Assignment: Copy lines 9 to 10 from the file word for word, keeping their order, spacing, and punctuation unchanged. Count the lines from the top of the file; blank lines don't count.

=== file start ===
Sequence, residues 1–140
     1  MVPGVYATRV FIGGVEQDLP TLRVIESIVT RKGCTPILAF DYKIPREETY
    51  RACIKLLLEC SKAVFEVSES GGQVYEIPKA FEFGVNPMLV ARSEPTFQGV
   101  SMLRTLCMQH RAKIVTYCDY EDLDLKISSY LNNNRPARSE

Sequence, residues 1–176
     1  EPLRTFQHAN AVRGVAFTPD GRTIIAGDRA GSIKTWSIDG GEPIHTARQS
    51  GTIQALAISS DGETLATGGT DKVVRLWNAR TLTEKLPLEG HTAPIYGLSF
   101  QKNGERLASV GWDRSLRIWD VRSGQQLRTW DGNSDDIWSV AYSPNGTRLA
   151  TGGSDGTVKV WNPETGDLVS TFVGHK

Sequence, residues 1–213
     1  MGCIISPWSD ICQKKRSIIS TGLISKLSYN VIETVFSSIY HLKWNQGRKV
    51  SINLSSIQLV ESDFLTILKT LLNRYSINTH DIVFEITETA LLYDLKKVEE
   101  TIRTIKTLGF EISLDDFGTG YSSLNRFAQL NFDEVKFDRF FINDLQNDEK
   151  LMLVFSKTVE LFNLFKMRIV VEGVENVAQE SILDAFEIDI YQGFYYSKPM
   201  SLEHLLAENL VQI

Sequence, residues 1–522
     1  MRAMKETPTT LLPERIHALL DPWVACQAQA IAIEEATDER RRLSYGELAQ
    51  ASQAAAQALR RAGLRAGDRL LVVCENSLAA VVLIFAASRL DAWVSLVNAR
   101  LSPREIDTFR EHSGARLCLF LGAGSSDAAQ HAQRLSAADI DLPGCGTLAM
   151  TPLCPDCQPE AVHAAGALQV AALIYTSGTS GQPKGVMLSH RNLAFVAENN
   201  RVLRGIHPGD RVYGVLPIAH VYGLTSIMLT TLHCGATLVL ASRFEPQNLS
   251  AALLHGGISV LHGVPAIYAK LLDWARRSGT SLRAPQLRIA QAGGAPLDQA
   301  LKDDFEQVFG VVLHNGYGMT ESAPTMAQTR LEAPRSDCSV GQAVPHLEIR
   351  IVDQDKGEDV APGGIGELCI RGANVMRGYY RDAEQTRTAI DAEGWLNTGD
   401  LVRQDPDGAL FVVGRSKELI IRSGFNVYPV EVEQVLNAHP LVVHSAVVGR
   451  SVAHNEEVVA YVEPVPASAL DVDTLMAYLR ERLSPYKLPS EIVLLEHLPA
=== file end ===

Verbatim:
   151  TGGSDGTVKV WNPETGDLVS TFVGHK

Sequence, residues 1–213